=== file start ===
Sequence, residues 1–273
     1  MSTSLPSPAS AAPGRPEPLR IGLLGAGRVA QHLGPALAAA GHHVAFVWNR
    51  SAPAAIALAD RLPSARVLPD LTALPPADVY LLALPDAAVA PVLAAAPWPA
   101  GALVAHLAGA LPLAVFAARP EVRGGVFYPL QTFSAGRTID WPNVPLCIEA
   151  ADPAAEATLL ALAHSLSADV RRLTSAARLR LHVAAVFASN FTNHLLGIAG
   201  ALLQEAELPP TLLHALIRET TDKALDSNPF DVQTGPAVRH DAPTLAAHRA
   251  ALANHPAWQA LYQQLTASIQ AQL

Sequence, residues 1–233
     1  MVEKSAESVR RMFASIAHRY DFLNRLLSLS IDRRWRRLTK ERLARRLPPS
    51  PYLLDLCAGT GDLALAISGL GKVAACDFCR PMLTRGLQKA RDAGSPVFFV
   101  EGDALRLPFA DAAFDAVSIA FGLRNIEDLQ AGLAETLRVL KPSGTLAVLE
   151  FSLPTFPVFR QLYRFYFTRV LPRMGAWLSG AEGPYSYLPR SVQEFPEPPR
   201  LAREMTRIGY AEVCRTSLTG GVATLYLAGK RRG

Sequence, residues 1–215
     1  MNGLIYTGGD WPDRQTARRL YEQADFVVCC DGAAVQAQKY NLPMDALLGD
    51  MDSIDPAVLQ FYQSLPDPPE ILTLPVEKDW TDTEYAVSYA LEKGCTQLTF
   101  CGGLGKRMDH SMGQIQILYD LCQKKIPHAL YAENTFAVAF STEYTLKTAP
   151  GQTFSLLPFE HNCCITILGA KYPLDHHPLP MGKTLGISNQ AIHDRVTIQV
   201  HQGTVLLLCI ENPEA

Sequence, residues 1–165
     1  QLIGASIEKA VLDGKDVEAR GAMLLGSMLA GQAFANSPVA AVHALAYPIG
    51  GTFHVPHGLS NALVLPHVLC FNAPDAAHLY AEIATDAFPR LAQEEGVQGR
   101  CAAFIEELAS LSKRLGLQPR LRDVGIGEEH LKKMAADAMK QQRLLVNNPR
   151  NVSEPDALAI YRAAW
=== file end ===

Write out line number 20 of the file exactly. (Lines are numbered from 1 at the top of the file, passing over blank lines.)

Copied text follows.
Sequence, residues 1–165